Kenyon Already Has a Code of Honor

3 comments

“…correct models and standards are set lest the worst social and moral patterns become impressed upon and stand for all the students of the community. It is with this…point in mind that Kenyon affirms basic standards of behavior that cannot be disregarded with impunity.”

The introduction to the Kenyon College Student Handbook (adopted in 1964 and revised in 1972) describes the moral and social reasoning behind the regulations that are outlined in the proceeding pages. This redefines our rules as values, which carry more weight because “patterns of student attitudes and conduct have even more far-reaching implications…when one remembers that students determine the character of the entire community.” When individual students behave honorably, our community as a whole is honorable.

Moreover, and unlike the proposed Honor Code, the rules outlined in the Student Handbook are backed up by consequences for non-compliance, providing a mechanism for enforcing honorable moral and social behavior. Moral guidelines are not adhered to out of convenience, and it takes more than a pinky-swear to ensure compliance. It is in this Rousseau-ian sense of moral freedom that we check our raw self-interest by setting laws that reflect our values and coercing ourselves into adherence.

With this in mind, I would ask readers what value a consequence-free wink-and-nod at Kenyon’s values would add to our existing standards for honorable behavior. As we consider whether to add an non-binding Honor Code on top of our existing value structure, I would encourage all Kenyon students to read their Handbook and see if anything’s missing. If you, like me, forgot where you put your Student Handbook, you can check it out at the link below:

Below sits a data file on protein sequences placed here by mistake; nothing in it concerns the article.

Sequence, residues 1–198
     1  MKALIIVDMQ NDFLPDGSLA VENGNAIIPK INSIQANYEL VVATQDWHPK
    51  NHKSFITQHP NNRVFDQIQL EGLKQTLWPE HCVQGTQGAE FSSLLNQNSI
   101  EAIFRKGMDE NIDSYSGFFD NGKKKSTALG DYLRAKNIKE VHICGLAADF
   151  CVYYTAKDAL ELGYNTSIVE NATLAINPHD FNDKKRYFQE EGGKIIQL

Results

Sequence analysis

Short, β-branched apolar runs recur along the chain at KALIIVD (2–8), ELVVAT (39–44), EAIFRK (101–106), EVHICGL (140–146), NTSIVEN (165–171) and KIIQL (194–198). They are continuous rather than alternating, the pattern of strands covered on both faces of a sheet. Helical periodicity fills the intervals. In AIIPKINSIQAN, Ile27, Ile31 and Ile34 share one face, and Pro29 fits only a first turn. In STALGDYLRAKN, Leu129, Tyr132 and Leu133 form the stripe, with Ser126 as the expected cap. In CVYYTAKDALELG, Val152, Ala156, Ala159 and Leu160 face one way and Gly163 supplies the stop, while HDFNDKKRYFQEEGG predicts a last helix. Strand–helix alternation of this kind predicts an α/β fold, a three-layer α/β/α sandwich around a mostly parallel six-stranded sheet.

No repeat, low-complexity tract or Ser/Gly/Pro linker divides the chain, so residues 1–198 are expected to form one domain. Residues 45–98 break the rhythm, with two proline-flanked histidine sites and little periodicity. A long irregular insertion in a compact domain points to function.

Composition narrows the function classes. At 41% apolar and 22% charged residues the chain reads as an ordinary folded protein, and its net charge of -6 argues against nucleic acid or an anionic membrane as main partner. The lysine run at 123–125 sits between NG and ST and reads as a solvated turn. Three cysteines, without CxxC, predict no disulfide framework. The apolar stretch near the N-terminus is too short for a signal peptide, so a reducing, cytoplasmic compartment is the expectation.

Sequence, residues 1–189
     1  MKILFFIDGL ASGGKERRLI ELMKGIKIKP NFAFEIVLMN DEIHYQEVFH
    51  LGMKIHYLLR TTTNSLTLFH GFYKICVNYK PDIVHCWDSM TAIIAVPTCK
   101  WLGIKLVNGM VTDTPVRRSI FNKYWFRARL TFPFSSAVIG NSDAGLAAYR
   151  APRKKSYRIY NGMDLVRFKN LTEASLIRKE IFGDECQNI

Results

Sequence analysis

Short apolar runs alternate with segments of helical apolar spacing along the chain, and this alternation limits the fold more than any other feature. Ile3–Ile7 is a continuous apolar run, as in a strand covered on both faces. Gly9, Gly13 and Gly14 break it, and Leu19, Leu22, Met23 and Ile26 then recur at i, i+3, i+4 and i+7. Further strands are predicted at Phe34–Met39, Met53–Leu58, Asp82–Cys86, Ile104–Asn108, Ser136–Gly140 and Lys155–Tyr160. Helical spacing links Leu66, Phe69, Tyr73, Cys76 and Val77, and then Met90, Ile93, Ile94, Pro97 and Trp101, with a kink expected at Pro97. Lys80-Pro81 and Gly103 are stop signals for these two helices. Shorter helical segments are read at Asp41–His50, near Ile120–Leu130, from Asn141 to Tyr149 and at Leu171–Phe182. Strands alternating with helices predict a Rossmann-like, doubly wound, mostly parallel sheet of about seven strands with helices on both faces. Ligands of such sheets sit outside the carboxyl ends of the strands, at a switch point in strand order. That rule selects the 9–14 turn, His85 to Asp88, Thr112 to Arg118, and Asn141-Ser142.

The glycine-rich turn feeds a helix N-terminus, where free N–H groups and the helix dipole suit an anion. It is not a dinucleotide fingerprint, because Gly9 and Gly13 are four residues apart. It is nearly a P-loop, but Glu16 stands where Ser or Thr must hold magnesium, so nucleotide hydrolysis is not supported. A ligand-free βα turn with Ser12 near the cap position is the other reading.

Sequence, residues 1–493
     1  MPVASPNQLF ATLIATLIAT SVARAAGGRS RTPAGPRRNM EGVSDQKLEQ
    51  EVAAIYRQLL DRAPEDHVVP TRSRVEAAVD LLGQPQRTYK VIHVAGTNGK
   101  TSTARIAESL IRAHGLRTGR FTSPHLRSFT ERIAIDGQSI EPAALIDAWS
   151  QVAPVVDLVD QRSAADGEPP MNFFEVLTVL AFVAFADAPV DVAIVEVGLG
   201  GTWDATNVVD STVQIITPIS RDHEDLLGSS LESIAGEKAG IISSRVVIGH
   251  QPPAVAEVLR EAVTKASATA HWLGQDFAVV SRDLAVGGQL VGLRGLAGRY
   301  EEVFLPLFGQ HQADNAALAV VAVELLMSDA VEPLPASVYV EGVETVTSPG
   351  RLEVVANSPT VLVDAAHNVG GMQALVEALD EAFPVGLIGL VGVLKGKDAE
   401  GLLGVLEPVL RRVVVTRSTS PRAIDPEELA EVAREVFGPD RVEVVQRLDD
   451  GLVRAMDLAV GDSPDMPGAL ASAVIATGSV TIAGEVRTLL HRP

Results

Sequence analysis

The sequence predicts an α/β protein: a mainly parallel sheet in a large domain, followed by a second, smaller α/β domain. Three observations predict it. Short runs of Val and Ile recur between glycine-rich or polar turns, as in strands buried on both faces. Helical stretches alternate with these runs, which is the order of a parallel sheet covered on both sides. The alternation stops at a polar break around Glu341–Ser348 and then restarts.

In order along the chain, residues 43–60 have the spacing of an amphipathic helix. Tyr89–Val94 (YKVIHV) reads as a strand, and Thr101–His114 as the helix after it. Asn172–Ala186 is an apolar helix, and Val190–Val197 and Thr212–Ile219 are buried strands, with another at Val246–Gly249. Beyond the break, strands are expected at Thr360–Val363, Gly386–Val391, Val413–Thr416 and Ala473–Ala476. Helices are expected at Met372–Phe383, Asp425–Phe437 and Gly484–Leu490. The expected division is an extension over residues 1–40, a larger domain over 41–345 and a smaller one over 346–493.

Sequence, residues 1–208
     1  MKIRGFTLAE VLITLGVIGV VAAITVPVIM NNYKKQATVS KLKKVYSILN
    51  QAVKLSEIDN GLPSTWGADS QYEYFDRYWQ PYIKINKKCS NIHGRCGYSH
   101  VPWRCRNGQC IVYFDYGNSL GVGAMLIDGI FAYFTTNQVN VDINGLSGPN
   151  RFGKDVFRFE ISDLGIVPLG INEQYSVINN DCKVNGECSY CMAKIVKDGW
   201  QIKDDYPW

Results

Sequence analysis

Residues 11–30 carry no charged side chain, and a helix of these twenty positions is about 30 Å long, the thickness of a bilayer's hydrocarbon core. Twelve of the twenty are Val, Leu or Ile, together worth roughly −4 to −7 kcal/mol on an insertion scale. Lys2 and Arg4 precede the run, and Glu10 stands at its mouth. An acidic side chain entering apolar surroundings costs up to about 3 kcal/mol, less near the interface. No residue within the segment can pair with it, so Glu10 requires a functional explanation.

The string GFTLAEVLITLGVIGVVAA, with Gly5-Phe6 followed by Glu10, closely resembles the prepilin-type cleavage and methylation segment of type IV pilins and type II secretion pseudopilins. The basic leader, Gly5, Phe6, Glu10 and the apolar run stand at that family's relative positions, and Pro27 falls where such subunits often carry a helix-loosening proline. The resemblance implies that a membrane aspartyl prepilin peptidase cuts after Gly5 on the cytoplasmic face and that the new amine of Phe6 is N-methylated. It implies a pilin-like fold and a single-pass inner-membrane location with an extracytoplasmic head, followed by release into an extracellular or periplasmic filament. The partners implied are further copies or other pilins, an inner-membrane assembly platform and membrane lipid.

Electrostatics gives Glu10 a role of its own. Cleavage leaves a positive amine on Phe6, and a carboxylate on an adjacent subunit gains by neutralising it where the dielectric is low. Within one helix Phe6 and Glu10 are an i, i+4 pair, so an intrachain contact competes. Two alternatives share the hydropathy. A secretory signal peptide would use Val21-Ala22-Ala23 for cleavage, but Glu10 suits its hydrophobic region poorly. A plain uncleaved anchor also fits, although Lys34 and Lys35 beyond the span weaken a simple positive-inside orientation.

http://documents.kenyon.edu/studentlife/studenthandbook.pdf

3 comments on “Kenyon Already Has a Code of Honor”

  1. Rousseau? Moral Freedom? I see someone has been studying well for comps! However, I very much agree with you, Jon. I think that, while certainly good in spirit, a Kenyon Honor Code is redundant. A redundant yet effective rule isn’t the worst thing in the world, at least the right sentiments are being repeated. However, in establishing a Kenyon Honor Code, we are effectively saying that the policies and culture in place are not sufficient, which I certainly do not think is the case. In creating an Honor Code, we actively undermine the efficacy and salience of current Kenyon policies and practice. Especially considering such a code would be voluntary and non-binding (presumably), I see little point in such a Code.

  2. Rousseau? Moral Freedom? I see someone has been studying well for comps! However, I very much agree with you, Jon. I think that, while certainly good in spirit, a Kenyon Honor Code is redundant. A redundant yet effective rule isn’t the worst thing in the world, at least the right sentiments are being repeated. However, in establishing a Kenyon Honor Code, we are effectively saying that the policies and culture in place are not sufficient, which I certainly do not think is the case. In creating an Honor Code, we actively undermine the efficacy and salience of current Kenyon policies and practice. Especially considering such a code would be voluntary and non-binding (presumably), I see little point in such a Code.

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